Coming to the oft-repeated term of indigenisation. When we speak of an Indigenous product, what exactly is indigenous? Something produced by a PSU (with parts from all over the globe) or something that is produced in India, even if it is by a foreign manufacturer with imported and locally produced parts. By different yardsticks, a Hyundai car made in India will be indigenous or will be imported. It is the same for home use items like Surf Excel or Colgate. Should we stop using any of these products? There are enough clarifications in the news from the Government that an item manufactured by a multi-national company in India will still be considered Indian / indigenous. So we have to understand that if a foreign vendor with years of experience comes into India to set up shop to manufacture a helicopter, he is bound to bring with him the expertise, the precision manufacturing practices, industrial safety and everything that has made that company successful. You are automatically creating a value chain, supply chain that will increase the standards of manufacturing and design in India. This will also spawn its own network of MSMEs and design experts. This will further spur indigenous R & D and design as well as spinoff manufacturing. This is just like the previously described automobile revolution.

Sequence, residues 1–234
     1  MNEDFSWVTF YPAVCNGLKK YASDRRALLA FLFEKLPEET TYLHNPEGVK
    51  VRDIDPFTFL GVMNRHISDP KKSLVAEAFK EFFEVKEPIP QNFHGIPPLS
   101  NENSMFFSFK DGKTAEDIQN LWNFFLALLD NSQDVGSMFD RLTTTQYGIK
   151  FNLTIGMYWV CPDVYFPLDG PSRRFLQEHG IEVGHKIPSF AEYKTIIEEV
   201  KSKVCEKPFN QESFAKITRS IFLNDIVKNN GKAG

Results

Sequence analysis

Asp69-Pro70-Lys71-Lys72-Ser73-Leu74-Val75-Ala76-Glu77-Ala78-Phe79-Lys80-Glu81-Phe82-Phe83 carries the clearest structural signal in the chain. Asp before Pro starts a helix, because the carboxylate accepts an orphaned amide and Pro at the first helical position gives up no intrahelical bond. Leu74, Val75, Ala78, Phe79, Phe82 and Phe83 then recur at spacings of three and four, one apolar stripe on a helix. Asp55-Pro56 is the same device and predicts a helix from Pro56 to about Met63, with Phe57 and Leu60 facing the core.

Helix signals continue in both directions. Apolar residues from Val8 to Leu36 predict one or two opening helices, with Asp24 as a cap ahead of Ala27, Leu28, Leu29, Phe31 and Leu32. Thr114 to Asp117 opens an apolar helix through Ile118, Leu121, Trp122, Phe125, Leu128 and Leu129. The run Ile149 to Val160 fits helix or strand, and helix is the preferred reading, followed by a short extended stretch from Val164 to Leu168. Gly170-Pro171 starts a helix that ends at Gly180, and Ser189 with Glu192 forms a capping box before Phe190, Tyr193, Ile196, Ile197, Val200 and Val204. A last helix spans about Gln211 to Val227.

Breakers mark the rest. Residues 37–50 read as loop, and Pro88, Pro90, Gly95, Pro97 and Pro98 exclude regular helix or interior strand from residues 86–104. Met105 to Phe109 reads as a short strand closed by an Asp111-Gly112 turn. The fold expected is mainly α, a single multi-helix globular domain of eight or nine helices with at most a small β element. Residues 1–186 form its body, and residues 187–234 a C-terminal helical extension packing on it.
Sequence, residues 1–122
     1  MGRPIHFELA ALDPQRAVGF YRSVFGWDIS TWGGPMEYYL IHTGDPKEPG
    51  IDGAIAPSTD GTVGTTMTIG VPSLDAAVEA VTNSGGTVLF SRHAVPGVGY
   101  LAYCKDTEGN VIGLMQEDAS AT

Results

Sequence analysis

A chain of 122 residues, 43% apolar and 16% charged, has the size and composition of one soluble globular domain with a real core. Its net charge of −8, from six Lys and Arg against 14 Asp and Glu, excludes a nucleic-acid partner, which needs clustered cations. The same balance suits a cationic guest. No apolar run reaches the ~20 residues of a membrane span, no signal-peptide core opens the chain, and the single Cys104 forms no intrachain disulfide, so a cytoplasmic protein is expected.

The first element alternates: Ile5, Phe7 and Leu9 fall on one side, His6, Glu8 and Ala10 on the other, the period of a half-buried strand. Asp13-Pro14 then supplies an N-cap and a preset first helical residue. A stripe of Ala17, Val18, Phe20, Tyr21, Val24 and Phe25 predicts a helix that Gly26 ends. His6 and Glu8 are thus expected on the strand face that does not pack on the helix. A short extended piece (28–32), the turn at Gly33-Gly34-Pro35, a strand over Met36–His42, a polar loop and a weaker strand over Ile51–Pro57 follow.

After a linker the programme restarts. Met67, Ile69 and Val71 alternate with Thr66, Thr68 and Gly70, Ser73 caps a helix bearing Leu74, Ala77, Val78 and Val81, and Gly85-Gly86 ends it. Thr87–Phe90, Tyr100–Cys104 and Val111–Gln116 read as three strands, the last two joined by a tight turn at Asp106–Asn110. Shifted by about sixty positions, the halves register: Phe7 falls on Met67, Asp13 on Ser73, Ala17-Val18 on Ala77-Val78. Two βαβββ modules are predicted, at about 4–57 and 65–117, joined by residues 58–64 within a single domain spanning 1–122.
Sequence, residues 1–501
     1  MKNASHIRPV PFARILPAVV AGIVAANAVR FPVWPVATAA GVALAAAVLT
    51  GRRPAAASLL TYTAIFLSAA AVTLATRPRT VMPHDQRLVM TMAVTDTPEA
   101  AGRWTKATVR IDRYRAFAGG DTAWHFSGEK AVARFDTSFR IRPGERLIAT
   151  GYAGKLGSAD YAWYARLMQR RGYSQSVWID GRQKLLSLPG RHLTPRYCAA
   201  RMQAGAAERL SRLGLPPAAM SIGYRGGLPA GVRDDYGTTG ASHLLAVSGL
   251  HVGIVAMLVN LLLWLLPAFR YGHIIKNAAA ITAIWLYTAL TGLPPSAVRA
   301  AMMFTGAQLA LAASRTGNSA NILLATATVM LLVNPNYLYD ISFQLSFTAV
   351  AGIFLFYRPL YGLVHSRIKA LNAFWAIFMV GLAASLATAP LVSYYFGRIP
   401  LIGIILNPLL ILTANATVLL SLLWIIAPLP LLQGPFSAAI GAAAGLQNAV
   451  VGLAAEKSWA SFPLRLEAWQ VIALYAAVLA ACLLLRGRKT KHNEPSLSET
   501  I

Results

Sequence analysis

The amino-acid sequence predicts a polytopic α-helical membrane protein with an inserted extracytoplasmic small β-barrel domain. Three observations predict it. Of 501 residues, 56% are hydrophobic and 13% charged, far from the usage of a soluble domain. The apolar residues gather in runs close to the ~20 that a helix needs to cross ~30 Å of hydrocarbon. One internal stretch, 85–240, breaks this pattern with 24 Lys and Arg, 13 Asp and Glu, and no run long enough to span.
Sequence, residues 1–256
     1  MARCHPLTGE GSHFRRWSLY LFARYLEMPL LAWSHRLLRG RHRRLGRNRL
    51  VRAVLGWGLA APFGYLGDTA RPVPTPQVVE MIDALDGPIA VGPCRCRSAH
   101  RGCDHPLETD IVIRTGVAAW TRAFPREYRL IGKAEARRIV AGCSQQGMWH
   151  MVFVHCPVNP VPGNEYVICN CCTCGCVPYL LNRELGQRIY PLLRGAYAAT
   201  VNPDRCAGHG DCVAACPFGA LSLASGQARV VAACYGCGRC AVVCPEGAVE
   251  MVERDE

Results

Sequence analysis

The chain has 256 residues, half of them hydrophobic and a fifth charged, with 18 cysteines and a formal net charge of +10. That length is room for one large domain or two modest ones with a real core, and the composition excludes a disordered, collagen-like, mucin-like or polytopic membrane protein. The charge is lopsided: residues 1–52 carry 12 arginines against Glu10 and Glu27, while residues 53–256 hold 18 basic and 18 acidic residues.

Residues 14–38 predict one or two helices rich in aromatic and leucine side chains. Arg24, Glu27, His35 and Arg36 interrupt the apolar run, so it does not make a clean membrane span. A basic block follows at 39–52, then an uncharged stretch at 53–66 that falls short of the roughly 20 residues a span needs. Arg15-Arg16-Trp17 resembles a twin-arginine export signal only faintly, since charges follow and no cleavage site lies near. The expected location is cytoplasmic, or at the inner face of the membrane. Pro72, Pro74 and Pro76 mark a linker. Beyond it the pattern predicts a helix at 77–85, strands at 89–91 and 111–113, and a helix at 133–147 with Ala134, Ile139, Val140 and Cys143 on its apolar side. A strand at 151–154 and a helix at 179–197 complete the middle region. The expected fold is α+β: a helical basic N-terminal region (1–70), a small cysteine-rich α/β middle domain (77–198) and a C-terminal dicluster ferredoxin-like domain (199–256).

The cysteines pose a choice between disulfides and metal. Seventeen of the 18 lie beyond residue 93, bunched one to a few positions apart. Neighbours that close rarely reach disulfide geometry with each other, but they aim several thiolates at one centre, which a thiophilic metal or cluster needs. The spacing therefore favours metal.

Today there are Indian companies producing world class components for foreign manufacturers. I was told at the Sikorsky factory that the entire cabin structure of the S92 is manufactured in India and sent across. This is the norm everywhere. An American helicopter can have French engines, or Canadian engines, European manufacturers will use engines from Pratt and Whitney, components from all over the globe, so in that sense, any helicopter is a fusion of material from around the globe. What then is different if HAL does the same thing? Sadly with the ALH, the sum is less than the total of the parts.